Cost of city water plant reduced to $56.8 million

Cost of city water plant reduced to $56.8 million

Work on Jillson Avenue facility could start as soon as fall

WOONSOCKET – Work on the city’s new water treatment facility, a $56 million project to replace the existing plant on Manville Road, could begin as soon as fall, say city officials.

Last week, the City Council unanimously authorized Mayor Lisa Baldelli-Hunt to sign a contract with AECOM Technical Services to design, build and operate the plant, a massive infrastructure improvement project mandated by the Rhode Island Department of Environmental Management.

Public Works Director Steven D’Agostino told The Breeze that the bid submitted by the global engineering company last year was initially higher.

“We only want to borrow what we absolutely have to borrow,” he said. “We tried to get the price as low as possible without hurting the project.”

AECOM was one of three firms to respond to a request for proposals for the work in January of 2016, along with CH2M Hill and Veolia Water North America. Bids are not disclosed during the negotiation process, but at the inauguration of newly elected officials in December, former City Council President Albert Brien quoted the price at $74 million. Brien told The Breeze last year that all three contractors submitted proposals close to $80 million, significantly more than the city planned to dedicate to the water plant. The facility was at first expected to cost between $40 million and $45 million.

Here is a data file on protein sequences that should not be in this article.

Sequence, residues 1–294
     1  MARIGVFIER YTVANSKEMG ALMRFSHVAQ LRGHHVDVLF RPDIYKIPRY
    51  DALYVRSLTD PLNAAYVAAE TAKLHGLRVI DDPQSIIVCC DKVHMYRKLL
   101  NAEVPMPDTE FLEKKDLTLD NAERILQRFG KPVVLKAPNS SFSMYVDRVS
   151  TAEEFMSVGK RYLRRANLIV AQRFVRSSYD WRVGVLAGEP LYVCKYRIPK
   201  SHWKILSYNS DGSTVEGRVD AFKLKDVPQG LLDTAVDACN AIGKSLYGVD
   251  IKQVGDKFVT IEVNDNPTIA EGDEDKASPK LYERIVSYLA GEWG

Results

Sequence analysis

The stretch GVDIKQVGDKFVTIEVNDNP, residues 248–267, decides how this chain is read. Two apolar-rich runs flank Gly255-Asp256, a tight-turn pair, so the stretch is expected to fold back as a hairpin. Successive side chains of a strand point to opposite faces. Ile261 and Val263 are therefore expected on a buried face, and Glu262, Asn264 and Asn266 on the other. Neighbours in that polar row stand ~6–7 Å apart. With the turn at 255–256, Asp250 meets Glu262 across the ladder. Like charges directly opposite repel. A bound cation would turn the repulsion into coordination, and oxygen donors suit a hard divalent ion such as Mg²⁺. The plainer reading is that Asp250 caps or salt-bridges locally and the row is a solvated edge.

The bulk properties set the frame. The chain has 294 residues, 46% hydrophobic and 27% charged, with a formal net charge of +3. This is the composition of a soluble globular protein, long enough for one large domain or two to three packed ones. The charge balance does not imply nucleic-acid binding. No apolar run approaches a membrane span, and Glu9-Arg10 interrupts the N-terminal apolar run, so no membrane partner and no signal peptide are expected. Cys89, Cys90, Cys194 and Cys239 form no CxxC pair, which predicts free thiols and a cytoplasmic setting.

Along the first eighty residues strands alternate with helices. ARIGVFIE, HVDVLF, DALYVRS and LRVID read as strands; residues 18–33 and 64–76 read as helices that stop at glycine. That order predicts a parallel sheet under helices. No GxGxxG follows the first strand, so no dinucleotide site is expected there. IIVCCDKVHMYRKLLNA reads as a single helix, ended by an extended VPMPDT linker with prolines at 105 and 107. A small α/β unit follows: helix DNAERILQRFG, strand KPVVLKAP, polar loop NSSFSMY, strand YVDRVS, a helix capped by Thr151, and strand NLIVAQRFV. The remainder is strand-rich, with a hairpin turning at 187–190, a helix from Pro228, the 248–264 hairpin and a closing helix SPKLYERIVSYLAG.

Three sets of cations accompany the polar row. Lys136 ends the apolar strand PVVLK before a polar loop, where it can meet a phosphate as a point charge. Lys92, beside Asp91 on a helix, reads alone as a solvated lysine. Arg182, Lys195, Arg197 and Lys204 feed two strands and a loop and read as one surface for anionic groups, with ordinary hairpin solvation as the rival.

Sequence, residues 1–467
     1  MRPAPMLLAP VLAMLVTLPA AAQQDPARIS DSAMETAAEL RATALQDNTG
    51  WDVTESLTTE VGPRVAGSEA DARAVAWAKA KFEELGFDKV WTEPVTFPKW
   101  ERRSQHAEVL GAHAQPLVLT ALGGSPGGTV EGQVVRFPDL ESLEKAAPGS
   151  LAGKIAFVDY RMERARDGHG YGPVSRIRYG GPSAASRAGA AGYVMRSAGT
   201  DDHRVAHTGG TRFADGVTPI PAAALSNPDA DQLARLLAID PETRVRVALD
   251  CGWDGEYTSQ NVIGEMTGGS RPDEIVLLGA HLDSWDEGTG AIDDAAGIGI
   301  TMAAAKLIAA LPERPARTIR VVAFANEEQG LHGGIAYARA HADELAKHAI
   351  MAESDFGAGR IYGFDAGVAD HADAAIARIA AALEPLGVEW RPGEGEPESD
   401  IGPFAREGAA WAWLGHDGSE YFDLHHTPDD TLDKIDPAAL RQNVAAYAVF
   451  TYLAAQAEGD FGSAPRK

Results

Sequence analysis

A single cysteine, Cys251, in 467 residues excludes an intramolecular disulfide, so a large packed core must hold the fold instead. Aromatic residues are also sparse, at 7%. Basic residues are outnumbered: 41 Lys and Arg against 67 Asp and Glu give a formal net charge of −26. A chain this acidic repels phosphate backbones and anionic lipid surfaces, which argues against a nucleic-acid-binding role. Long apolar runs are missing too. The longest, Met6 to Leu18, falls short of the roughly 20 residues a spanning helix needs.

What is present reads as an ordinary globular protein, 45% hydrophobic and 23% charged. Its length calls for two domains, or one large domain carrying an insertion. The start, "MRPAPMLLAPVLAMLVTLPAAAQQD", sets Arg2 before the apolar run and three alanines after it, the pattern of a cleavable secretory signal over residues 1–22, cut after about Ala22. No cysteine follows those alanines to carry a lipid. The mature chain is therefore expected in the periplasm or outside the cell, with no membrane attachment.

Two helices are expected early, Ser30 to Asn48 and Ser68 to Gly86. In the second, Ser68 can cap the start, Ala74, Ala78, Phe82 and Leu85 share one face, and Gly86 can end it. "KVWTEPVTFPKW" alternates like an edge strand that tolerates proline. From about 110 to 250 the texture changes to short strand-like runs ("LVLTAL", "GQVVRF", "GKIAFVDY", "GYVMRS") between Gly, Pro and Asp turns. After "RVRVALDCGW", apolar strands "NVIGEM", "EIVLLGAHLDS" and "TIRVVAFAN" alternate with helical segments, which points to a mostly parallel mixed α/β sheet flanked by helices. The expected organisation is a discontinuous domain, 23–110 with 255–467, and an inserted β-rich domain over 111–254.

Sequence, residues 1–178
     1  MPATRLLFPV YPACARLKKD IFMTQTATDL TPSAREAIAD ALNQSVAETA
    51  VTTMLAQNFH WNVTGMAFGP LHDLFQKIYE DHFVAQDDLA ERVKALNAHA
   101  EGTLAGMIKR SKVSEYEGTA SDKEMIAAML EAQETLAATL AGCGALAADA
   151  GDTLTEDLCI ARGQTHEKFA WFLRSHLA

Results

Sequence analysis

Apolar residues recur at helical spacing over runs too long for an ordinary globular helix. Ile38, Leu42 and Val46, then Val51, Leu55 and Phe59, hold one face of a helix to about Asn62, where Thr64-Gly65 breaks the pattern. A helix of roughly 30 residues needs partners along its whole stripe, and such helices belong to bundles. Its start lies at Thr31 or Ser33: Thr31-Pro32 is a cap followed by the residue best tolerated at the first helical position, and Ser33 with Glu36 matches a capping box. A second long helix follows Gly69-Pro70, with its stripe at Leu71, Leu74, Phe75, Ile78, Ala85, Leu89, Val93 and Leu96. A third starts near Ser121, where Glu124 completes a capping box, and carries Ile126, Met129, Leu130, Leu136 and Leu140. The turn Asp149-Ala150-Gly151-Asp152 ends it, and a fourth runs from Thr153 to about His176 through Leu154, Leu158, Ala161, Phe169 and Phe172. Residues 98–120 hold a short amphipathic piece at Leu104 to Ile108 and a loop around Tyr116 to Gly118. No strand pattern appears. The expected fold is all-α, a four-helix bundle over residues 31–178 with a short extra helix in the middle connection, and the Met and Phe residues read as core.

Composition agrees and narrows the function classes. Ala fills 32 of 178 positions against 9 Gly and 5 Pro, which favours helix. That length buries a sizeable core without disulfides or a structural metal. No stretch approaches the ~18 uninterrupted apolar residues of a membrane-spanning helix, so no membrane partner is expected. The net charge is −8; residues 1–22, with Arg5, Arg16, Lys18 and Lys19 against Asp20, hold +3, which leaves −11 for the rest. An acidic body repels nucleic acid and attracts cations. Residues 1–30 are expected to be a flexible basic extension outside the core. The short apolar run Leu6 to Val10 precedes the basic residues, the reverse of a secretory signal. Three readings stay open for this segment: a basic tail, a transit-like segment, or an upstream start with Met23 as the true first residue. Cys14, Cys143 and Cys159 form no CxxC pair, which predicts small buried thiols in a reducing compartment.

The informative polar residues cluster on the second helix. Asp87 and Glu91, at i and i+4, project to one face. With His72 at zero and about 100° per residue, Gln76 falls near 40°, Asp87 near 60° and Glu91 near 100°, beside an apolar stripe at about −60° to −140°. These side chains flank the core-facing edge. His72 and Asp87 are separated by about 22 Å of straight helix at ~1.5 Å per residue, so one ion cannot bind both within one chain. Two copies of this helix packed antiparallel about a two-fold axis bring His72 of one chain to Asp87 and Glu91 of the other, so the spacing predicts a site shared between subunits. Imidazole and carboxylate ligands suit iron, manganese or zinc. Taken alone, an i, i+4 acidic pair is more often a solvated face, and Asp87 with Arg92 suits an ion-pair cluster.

It was through work by the public works, city engineer John Pratt, and representatives from consulting firms hired to help the city rank the proposals that the parties arrived at the price tag of $56,760,800, according to D’Agostino, a cost that includes decommissioning and partial demolition of the existing Charles G. Hammann Memorial Water Treatment Plant.

But the price does not include operation of the plant, a cost that could range from $1.8 million to $2.2 million a year.

“This is lower than what they submitted. There was some value engineering that took place,” said D’Agostino. “There were some fees removed.”

The director said the initial proposal by AECOM also included some components deemed not to be essential to the project.

“We’re all about being frugal,” he said.

D’Agostino declined to discuss specific figures until the contract is officially signed, a move expected to take place this week. He noted that all three bids will be released once the contract becomes official.

The new plant will be built on Jillson Avenue, on a 18.9-acre property behind Bernon Heights Elementary School. The property was purchased by the city for $390,000 in 2011 from Roland and Suzanne Michaud. Construction will include blasting and will continue for at least two years in the mostly residential neighborhood.

But first, AECOM will need to get design plans approved by both DEM and the Department of Health.

“I know they would like to break ground late fall, early winter,” D’Agostino said of the contractor. “There’s no official date.”

Once complete, the 7 million-gallon plant will feed water tanks throughout the city, and will have room to expand to 10 million gallons. It will utilize a dissolve air flotation system for water treatment, more modern technology than the current plant, which may come with a slight improvement to water quality.

“It’s a different type of system,” said D’Agostino. “The quality should be as good, if not better.”

During a vote to move ahead with the firm last week, City Councilor Christopher Beauchamp applauded the news.